He outlines 20 “microskills” to help develop strategic thinking. Some of these may see obvious (curiosity, pragmatism) but others perhaps less so (devalourisation, metacognitivity). When starting to craft a strategy, he advises, “don’t begin with brainstorming clever answers: start with the hard work of finding the right questions.”
He introduces the concept of “pockets of the future”: present-day objects and behaviours that are presently not common but will have a large impact in the future – it the strategist’s role to tease out these subtle signals, investigate them, and if appropriate, initiate a strategic business initiative. He suggests postulating a hypothesis that an organisation’s current “story” (its strategy, its frame) is mediocre, and the strategist should use insight to replace this mediocre story with a better story.
The book is full of stories, techniques and observations. It is also entertainingly written and sparkles with quotations:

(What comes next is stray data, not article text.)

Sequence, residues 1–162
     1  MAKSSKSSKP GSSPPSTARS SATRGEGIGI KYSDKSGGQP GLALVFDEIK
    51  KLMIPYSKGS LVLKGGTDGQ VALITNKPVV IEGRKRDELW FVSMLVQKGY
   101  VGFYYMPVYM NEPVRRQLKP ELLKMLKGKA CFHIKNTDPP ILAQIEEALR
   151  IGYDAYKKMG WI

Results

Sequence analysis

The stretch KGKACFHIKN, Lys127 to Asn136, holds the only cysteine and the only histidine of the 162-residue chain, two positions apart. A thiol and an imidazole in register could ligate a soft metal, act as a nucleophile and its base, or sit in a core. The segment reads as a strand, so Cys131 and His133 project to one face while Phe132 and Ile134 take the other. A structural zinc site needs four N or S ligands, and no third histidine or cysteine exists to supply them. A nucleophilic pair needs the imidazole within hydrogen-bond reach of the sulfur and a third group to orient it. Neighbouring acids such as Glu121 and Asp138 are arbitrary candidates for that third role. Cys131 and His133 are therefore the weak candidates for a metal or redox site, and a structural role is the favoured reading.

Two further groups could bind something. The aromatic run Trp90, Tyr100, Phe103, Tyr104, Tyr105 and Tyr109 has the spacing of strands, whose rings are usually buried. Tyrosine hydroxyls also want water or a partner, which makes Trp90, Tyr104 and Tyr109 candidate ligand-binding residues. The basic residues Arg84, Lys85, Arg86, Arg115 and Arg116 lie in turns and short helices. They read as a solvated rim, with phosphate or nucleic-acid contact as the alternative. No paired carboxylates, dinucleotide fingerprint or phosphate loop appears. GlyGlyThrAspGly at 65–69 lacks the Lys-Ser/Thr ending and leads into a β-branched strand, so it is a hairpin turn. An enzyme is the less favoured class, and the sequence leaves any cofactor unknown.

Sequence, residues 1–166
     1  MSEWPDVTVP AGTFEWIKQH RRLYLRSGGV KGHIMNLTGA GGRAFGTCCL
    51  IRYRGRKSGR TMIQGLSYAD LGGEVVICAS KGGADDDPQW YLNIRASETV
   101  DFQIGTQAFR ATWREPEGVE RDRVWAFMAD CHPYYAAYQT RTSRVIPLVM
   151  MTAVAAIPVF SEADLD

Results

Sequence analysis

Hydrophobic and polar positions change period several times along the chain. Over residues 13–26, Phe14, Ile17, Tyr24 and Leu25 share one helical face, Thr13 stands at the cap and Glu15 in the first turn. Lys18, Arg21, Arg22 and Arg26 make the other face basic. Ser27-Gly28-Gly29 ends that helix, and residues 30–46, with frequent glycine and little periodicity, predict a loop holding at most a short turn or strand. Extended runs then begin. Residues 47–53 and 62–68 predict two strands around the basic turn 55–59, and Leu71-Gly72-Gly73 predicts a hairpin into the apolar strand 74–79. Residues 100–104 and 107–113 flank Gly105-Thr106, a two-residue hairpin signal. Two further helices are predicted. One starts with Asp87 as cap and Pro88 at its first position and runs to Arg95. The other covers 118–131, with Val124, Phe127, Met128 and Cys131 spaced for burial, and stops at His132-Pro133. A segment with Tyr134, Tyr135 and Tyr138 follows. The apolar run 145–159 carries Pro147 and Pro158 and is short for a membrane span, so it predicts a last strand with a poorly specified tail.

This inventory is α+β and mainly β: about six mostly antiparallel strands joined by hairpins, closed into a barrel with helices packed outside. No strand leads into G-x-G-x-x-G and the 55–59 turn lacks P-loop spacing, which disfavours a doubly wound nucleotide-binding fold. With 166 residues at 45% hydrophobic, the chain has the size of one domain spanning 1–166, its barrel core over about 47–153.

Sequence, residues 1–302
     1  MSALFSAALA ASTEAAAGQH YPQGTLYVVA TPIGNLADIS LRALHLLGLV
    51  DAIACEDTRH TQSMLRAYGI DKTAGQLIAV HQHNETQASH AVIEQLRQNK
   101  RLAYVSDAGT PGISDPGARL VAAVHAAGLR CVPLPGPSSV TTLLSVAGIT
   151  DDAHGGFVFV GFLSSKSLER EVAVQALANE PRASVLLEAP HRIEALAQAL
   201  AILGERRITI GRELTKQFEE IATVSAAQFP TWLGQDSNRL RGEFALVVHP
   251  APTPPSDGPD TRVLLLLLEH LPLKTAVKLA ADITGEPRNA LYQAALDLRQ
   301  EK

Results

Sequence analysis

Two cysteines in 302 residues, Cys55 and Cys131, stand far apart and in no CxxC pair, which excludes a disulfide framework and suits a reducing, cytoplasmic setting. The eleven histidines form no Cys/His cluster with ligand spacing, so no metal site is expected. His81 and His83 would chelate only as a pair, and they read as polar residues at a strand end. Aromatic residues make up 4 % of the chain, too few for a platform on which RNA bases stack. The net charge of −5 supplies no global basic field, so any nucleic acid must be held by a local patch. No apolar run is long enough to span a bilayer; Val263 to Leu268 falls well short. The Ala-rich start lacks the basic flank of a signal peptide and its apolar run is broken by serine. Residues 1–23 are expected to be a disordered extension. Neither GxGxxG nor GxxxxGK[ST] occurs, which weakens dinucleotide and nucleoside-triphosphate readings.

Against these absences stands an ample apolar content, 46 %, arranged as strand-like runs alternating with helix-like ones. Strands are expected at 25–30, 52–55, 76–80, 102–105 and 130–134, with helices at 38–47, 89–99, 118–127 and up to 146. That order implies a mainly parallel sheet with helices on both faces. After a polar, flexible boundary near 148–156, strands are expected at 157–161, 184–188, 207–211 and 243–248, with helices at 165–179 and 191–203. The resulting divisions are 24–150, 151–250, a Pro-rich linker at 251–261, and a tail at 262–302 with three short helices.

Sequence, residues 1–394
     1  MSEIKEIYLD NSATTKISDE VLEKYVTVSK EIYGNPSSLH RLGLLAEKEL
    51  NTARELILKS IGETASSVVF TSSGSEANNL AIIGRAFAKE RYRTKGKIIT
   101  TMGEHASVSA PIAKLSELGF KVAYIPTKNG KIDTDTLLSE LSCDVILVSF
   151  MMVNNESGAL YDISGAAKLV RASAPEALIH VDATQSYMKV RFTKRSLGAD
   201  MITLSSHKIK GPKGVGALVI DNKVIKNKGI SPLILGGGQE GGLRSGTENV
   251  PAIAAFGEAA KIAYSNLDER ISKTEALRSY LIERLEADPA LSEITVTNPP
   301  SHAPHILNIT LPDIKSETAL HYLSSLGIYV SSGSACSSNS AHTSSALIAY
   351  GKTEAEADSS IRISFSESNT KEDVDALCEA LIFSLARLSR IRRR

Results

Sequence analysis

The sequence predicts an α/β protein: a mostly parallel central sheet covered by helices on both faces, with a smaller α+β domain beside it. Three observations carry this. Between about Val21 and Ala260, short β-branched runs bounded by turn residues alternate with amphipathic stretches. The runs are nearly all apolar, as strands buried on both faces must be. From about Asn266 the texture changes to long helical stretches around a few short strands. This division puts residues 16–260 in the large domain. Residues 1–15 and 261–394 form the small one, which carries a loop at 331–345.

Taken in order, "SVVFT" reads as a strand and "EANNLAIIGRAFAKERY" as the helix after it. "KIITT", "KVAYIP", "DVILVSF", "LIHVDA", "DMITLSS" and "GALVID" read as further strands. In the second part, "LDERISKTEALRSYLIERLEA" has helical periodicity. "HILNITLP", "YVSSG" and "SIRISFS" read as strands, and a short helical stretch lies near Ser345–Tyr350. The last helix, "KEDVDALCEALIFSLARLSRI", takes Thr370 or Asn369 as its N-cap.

- “The success of the angel of dullness is based on your satisfaction with what comes to mind readily”.
- “Strategy involves making bets. No strategy can be guaranteed to succeed.”
- On new entrants at risk being stifled by corporate groupthink, “the cucumber gets pickled more than the brine gets cucumbered.”
A must-read for strategists and leaders; it repays close study and re-reading. I’ll leave the last words to Githens: “a strategic thinker who chooses not to practice leadership is functioning as an analyst. A leader who doesn’t think strategically is merely a cheerleader for operational efficiency.”